Physicist Kaku’s idea, as he explains in his book, Hyperspace, is to create a distinction between the picture of God that scientists have in mind and the common man has in mind when debating this issue. He believes we can fork the word God as (i.e. to mean) either a God of Miracles or a God of Order.
The common man’s idea of a God is of the God of Miracles. But, as is well-known, miracles being hardly periodic, or even repetitive for that matter, are out-of-bounds of the explanation of science. In science we only explain things that are periodic, or at least repetitive, simply because only such phenomena really aid our technique of questioning, observation, theorising, prediction and experimentation.
The God of Miracles is what is supposed to correct unfavourable situations out of the blue, is supposed to take care of things you have disregarded yourself and is supposed to help you get rid of reaping the rotten harvest you sowed. I trust I have made my point.
Now the God of Order is the God most scientists refer to when debating such matters and it is the God they believe the common man has in mind too.
Let me explain this with an example: Einstein was a firm believer, unto death, that there was a certain divine order in the universe; that there was a subtle principle governing the universe. He likened the universe, therefore, to marble. He said that what we ought to do is clear out what is existent on the surface and uncover this underlying order.
This strikes me to be somewhat along the same lines as the freemasonry belief of ordo ab chao, meaning order from chaos.
The God of Order, thus, is that divine being (if such a being does, indeed, exist) who is responsible for the order in the universe.
The pivotal aspect here is not in the type or the classification of a God, which might even seem blasphemous to some, but is in the fact that, while the God of Miracles cannot be explained by science–and indeed we do not even attempt to do so–the God of Order is what we have been trying to understand in all the thousands of years of studying physics.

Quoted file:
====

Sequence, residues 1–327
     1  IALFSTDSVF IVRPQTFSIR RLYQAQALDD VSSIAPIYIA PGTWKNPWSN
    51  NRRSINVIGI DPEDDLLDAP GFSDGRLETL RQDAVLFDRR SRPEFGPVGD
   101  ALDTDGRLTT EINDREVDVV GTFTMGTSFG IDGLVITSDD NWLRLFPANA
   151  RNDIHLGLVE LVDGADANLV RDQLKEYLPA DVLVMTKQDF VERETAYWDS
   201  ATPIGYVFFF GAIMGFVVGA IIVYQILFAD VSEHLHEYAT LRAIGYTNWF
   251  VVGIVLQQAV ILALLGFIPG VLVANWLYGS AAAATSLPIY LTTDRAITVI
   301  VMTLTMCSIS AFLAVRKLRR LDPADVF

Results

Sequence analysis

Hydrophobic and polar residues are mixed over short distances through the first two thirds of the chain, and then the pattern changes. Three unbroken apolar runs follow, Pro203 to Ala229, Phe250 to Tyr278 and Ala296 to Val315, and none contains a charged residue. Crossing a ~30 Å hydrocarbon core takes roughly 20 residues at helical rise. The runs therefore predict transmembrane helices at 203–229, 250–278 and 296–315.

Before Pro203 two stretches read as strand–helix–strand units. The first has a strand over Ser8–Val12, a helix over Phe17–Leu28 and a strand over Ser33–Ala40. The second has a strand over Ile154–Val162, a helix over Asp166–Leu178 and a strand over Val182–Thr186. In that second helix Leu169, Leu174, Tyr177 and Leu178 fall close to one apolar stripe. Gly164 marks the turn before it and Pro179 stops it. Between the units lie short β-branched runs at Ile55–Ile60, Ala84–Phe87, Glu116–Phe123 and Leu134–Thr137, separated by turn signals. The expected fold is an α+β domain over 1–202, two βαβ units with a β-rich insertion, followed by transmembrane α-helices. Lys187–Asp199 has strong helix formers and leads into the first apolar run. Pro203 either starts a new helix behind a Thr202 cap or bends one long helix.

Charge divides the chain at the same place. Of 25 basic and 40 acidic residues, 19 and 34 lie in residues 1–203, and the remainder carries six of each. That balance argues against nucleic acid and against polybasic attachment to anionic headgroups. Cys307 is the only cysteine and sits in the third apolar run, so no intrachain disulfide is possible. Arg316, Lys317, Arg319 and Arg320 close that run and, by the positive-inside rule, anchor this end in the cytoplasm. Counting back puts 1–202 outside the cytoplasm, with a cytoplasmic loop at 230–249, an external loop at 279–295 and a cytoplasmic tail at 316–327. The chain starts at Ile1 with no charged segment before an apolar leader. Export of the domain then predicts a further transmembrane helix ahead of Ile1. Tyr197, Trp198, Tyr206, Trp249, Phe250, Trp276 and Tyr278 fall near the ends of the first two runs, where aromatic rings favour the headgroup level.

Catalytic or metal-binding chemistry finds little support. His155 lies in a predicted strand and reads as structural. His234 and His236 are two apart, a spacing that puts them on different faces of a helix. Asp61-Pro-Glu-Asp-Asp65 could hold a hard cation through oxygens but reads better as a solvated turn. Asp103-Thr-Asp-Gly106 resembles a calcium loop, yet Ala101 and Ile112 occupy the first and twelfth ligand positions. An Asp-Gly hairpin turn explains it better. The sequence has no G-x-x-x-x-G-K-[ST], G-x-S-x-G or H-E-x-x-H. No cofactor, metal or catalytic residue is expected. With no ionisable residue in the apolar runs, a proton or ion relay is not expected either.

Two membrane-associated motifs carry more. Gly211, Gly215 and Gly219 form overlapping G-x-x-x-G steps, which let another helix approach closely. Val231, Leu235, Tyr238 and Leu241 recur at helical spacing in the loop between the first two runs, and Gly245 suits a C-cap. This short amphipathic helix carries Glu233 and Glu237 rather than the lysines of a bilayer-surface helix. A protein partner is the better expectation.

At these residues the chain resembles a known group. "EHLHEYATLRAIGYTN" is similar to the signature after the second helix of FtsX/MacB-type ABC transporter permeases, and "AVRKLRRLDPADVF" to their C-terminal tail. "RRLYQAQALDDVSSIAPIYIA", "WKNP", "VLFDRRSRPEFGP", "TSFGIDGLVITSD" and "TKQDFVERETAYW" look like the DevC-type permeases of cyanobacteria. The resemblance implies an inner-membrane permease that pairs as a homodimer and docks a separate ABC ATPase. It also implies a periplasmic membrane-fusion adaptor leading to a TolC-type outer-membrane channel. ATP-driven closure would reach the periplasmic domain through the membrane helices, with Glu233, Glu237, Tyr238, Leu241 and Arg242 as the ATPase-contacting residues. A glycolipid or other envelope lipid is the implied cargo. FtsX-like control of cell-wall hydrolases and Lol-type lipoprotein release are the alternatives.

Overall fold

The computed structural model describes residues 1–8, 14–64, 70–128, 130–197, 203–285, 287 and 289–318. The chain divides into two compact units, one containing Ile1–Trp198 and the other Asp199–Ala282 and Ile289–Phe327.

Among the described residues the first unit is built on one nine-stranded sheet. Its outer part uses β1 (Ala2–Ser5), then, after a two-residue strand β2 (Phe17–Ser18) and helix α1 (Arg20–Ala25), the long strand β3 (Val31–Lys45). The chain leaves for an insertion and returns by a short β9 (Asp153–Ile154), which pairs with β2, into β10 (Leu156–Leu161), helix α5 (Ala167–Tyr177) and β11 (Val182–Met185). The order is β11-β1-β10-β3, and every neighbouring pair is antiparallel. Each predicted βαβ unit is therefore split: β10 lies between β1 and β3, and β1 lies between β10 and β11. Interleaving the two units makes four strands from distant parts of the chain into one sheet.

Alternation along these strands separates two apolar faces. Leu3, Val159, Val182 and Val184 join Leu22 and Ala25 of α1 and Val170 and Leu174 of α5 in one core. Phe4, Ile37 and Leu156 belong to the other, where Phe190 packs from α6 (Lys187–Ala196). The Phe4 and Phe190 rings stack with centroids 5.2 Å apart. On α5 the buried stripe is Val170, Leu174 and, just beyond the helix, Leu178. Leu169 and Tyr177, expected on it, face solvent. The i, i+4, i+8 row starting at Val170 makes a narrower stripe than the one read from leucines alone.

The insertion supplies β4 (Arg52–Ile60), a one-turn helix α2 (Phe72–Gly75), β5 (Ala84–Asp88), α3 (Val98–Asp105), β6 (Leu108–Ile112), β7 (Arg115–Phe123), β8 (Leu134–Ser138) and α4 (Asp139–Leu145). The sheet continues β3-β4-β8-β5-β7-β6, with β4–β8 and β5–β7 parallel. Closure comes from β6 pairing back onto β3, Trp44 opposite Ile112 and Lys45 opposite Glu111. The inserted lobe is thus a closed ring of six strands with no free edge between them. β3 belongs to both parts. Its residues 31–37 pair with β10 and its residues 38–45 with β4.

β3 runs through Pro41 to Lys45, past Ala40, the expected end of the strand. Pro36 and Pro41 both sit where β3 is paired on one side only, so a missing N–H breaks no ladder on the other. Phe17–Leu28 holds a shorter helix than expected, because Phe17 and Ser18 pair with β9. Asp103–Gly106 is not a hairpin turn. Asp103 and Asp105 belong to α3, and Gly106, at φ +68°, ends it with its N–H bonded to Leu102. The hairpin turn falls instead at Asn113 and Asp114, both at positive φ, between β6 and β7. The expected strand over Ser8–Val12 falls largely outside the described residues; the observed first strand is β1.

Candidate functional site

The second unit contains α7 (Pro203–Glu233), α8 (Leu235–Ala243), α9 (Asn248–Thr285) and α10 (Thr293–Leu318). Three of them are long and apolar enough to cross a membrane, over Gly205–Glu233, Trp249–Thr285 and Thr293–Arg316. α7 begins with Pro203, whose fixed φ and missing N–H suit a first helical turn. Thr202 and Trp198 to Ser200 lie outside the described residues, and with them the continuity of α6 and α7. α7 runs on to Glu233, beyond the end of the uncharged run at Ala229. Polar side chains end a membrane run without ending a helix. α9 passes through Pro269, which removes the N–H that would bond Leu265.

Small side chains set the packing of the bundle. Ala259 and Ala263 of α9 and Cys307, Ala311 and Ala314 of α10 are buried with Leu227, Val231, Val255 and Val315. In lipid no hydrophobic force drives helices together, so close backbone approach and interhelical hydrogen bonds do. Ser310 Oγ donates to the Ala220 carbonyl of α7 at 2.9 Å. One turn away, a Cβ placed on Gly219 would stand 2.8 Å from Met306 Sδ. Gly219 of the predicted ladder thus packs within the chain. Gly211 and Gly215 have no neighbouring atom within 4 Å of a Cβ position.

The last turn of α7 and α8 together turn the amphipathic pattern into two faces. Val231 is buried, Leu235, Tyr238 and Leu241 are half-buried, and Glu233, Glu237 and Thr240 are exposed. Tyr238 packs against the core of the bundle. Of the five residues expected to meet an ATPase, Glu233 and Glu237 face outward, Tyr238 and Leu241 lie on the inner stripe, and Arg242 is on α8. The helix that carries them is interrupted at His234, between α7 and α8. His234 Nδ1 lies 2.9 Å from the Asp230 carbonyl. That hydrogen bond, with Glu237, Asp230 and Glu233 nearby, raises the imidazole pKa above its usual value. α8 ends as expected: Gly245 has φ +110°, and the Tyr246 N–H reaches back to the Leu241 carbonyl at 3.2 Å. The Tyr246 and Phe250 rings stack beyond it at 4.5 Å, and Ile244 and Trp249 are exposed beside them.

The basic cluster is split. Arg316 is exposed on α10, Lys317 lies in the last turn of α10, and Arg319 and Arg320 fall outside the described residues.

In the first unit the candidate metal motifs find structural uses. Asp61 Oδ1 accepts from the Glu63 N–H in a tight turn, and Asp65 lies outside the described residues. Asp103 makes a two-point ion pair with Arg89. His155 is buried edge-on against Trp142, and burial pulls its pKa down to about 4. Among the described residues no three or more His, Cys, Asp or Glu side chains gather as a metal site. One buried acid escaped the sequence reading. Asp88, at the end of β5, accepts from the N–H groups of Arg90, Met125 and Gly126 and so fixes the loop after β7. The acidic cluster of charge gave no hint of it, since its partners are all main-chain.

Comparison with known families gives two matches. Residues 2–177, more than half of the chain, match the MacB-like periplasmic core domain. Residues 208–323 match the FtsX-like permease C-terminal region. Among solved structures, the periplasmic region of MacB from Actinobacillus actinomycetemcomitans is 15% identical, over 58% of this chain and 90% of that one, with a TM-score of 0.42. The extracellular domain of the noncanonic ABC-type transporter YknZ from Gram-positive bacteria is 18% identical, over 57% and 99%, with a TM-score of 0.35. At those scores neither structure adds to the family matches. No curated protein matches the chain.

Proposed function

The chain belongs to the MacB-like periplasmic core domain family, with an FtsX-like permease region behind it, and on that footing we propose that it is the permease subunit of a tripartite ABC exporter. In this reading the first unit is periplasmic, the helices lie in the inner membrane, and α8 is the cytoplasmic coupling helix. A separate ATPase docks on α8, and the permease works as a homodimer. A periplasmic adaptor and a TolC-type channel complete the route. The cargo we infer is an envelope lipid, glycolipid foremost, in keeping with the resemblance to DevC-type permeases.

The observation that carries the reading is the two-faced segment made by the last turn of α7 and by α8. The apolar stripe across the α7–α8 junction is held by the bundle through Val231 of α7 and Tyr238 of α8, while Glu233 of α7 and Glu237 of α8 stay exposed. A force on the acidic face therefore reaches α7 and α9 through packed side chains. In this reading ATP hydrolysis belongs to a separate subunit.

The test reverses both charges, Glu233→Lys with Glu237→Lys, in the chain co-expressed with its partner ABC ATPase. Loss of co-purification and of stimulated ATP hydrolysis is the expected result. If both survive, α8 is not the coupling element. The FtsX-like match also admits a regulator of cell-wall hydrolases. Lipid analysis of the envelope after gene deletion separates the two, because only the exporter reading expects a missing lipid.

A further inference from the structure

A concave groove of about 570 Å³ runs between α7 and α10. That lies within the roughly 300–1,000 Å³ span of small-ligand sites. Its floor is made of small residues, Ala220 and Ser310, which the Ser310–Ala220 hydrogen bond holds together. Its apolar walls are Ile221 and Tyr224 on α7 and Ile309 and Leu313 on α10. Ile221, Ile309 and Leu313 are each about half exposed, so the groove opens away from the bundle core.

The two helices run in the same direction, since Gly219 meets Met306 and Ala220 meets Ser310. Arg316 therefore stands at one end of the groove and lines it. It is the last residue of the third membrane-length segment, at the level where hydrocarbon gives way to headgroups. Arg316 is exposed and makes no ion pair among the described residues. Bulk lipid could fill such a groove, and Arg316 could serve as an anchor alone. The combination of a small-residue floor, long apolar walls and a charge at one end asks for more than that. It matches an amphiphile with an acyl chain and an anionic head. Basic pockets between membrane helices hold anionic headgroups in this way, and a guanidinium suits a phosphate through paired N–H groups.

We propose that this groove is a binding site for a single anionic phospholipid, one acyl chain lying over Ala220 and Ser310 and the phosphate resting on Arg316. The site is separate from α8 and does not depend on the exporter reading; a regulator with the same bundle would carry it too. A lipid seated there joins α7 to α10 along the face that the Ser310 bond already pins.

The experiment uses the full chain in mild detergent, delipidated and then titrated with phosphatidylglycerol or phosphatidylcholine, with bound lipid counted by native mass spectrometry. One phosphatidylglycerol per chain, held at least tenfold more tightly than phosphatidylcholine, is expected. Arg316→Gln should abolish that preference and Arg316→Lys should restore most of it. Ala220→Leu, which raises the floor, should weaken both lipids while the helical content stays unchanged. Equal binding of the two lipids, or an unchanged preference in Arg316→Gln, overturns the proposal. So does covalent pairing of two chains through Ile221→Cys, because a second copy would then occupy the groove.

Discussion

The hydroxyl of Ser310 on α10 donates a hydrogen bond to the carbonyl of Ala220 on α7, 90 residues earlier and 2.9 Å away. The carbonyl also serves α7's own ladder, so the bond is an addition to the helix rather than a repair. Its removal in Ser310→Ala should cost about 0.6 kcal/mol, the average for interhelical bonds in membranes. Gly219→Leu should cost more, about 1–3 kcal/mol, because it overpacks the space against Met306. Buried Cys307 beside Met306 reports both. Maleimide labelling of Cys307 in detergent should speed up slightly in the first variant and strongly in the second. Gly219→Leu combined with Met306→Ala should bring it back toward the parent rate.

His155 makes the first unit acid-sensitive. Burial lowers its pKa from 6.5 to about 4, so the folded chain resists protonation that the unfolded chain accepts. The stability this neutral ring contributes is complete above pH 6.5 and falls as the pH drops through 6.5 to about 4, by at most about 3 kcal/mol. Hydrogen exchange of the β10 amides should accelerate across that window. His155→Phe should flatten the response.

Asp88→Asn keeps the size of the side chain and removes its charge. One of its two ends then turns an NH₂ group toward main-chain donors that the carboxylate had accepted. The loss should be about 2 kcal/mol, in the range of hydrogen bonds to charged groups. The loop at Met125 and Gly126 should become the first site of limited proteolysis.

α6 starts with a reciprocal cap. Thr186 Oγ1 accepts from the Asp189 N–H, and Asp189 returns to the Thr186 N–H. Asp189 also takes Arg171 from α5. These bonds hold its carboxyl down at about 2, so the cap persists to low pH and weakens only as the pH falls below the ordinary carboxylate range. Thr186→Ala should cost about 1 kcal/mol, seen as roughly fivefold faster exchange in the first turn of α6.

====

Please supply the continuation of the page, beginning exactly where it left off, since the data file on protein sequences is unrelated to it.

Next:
The God of Order is synonymous to order in the universe, the laws, the concepts and the ideologies that exist in physics; and this is our attempt at understanding how this being (if, I repeat, indeed there is such a being) works–and it is possible merely because, within our known, visible universe, this God of Order has a remarkably constant manner of functioning.
Our exploits, be it classical physics, relativistic physics or string theory, all are attempts (I daresay they are quite successful ones) at understanding how things work.
Some have asked me why we even need to do that; why can we not just let things work as they do? Why bother taking the trouble to understand them?
This question, it turns out, is not a new one. In fact the astronomer Johannes Kepler had answered this question finely back in the 16th century.
He likened the human mind to birds. His words, as best as I recall them, are these:
“We do not ask for what useful purpose the birds do sing, for song is their pleasure since they were created for singing. Similarly, we ought not to ask why the human mind troubles to fathom the secrets of the heavens.”
Returning to our present day (still ensuing) debate, I expect that this distinction (while some may detest it) will no doubt help reduce our misunderstandings; and also our problems with regard to blasphemous physicists trying to oust God from his omnipotent seat in some place as unknown to us as the underlying principles that the universe operates on.